A commitment to oppose an invasion during early 2002 might have made a difference, strengthening the hand of Secretary of State Powell against the Cheney/Rumsfeld axis. Such a policy would have been popular amongst many in Whitehall, and overwhelmingly popular among Labour’s own grassroots membership. Yet, if the US had nevertheless insisted on going ahead with the invasion – the most likely outcome in this hypothetical scenario – a British decision to stand in opposition, only a year after 9/11, would have been a profound shift in strategic orientation, which could not have been justified simply on the basis of tactical disagreement on the invasion’s timing.

Nor would it have escaped Blair’s calculus that withdrawal of support from the US would have been a major domestic political risk, opening up the Party’s right flank to Conservative attack, and thereby threatening one of the key tenets of New Labour’s electoral success. Subsequent events add plausibility to this analysis. Despite the strength of disquiet within his own party, the reputational damage done by the failure to find any Weapons of Mass Destruction, and the growing problems in Iraq itself, Labour achieved an unprecedented third term at the polls in 2005. Perhaps, as in Germany, Blair could have achieved a greater majority on an anti-Bush ticket. It seems unlikely.

The costs of the 2003 Iraq invasion continue to be felt. It has been the most questionable and expensive of the three major interventions of the last decade. It has led (so far) to a much higher level of casualties (civilian and military) than the other campaigns, reflecting both the intensity of resistance and the corresponding ferocity of the US response, as well as the subsequent unleashing of sectarian conflicts. Fighters flocked to Iraq from across the Arab world, turning it into a new training ground for international terrorists.

In Kosovo and Afghanistan, by contrast, external intervention took place only after internal conflict had been under way for some time, and after (in the case of Afghanistan) it had been repeatedly used as a base for terrorism. In Afghanistan and Kosovo, intervention created the conditions for the return of millions of refugees to their homes, as security conditions on the ground improved. In Iraq, intensifying conflict led to two million Iraqis leaving their country, and a further 2.8 million being forced to leave their homes.

Even so, many Iraqis will still say they supported the invasion. Kurdish and Shi’a leaders, in particular, had lobbied hard for foreign intervention. And, despite the massive human costs of the last five years, there is reason for hope that the worst may be over. Levels of violence are falling, and the authority of the central state is gradually being reasserted. The Iraqi army is becoming more capable, and becoming more confident in its ability to manage without front-line US troops. Many difficult issues remain to be resolved, and an escalation in sectarian conflict remains a real possibility. But some form of stabilisation seems more probable than it did only a year ago.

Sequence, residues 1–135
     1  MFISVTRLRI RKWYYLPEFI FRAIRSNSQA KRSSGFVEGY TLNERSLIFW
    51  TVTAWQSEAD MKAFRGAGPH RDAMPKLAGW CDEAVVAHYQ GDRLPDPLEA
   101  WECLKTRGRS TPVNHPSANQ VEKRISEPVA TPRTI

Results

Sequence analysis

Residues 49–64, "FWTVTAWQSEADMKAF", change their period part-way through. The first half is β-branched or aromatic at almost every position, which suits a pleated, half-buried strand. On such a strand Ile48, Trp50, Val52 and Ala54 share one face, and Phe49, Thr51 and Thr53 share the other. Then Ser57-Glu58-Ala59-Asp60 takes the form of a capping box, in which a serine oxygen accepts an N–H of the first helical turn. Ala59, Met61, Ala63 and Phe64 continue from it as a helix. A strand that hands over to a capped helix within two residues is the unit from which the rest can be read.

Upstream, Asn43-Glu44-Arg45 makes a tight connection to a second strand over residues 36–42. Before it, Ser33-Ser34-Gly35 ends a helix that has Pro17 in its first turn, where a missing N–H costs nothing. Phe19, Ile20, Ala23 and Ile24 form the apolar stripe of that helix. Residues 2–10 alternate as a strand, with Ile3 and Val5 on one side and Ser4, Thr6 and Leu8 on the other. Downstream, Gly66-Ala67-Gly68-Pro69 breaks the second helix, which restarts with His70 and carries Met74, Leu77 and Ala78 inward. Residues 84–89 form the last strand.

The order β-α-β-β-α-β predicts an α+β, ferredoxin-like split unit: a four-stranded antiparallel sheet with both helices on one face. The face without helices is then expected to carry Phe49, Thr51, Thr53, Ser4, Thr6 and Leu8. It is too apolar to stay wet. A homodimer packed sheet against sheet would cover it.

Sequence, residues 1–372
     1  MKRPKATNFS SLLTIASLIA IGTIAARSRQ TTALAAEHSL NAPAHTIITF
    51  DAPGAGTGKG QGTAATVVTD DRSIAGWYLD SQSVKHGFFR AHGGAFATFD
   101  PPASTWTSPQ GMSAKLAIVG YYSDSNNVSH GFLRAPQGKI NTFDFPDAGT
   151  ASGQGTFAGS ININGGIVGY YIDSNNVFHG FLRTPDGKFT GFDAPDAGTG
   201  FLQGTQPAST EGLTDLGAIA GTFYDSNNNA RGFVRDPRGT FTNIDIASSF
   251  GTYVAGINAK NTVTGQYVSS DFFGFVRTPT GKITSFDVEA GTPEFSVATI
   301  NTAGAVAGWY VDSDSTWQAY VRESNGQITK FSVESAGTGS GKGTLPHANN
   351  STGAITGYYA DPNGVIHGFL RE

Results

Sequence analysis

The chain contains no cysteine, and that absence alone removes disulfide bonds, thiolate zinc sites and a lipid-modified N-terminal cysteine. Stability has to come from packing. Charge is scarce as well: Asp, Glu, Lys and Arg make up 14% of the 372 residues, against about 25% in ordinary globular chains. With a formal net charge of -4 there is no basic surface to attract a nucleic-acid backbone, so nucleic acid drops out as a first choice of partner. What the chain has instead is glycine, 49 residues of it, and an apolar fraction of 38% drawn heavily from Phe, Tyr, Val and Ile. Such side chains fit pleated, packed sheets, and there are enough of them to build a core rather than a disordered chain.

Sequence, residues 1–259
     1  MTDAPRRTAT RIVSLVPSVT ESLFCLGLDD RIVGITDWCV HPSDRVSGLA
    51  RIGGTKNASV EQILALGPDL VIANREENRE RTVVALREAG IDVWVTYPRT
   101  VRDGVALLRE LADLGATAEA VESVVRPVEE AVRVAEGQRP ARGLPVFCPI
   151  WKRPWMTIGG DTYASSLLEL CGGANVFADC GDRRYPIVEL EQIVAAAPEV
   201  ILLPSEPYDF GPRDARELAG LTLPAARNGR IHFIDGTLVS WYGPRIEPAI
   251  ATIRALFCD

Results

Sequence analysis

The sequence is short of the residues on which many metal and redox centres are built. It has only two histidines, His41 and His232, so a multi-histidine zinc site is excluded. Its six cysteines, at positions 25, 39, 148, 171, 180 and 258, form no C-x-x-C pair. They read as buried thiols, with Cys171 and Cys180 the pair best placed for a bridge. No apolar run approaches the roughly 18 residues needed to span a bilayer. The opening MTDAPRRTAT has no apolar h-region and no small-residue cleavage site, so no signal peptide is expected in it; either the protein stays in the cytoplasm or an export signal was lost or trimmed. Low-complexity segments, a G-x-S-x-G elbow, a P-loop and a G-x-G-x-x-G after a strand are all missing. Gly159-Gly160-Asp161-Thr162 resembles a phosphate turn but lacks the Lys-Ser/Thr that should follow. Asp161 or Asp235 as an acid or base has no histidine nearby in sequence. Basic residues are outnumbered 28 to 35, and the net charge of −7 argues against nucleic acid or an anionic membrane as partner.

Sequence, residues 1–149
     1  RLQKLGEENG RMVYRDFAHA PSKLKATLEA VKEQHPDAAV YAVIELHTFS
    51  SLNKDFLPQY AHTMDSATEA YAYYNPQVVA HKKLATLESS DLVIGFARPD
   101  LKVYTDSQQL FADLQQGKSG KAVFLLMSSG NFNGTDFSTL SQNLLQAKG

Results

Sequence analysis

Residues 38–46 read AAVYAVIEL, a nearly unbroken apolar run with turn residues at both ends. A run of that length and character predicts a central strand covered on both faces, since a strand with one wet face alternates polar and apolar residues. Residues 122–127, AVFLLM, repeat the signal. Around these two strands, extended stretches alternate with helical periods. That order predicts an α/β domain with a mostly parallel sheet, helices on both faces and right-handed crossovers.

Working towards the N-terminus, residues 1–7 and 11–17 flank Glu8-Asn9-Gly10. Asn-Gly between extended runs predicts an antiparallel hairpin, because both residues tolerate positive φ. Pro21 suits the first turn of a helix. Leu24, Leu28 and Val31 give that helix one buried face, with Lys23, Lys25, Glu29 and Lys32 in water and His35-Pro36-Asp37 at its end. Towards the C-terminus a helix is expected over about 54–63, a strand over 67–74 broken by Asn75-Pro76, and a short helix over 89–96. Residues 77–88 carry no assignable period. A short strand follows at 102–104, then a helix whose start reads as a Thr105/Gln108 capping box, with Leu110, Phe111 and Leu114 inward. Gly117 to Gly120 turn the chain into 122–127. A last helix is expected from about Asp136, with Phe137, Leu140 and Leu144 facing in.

Fatal distractions

Since it is they who have suffered most, it should ultimately be up to Iraqis themselves to judge whether the invasion was ‘worth it’ in terms of human security. For the US and UK, however, a retrospective assessment of the invasion also needs to take account of its wider international impact. The decision to intervene without UN approval, and in the face of active opposition from many regional states, constituted a damaging blow to US and UK moral authority. Nor is it easy to overstate the extent to which Washington’s post-9/11 agenda became dominated by one single crisis, to the detriment of many other pressing challenges. The massive investments required for Iraq diverted scarce resources from Afghanistan, allowing the Taliban to regroup for the offensive that is now under way. The difficulties that the coalition faced on the ground undermined support for the US’s democratisation agenda for the region. Autocratic leaders were able to argue, with some credibility, that if Iraq was democracy in action, they wanted no part of it.

Nor, given recent events, can one ignore the impact of US and NATO military interventions on relations with Russia. NATO interventions in Kosovo, Afghanistan and Iraq, along with the decisions to install missile defences in Poland and enlarge NATO eastwards, all had their own distinct rationales. But the cumulative effect of these decisions encouraged the hardening of the Russian position under President Putin’s leadership. When NATO was engaged in military operations against Serbia without UN authorisation, most Russian leaders scoffed at suggestions that it was a purely defensive alliance open to all (it was certainly not open to Russia). When it was proposed that this alliance should extend to Georgia and Ukraine, the position of hard line nationalists was further strengthened.

Looking back at the cumulative impact of these decisions, it is hard to avoid the conclusion that the US would have been in a stronger position if it had followed the more ‘realist’ approach of President Bush senior, rather than following the triumphalist approach of his son. This would have meant focusing military intervention on the priorities most clearly linked to US national interests and/or humanitarian necessity (i.e. Kosovo and Afghanistan), while seeking non-military ways to address the problems of Iraq, Georgia and Ukraine.

It is still not too late in relation to Ukraine, where many of its leaders and most of its population are not convinced of the case for NATO membership. While denying Russia a veto on Ukraine’s NATO membership, existing members should now actively seek other ways to support Ukraine’s democratic gains. In particular, a clear path towards EU membership would help cement these gains in a way that is less provocative towards Russia, and with wider appeal across Ukraine’s political elites. Today’s Finland may be a useful model: sharing a long border with Russia, part of the Russian empire throughout the nineteenth century, but now a prosperous democratic EU member. Its citizens, like those of Ukraine, are rightly sceptical of the advantages of NATO membership.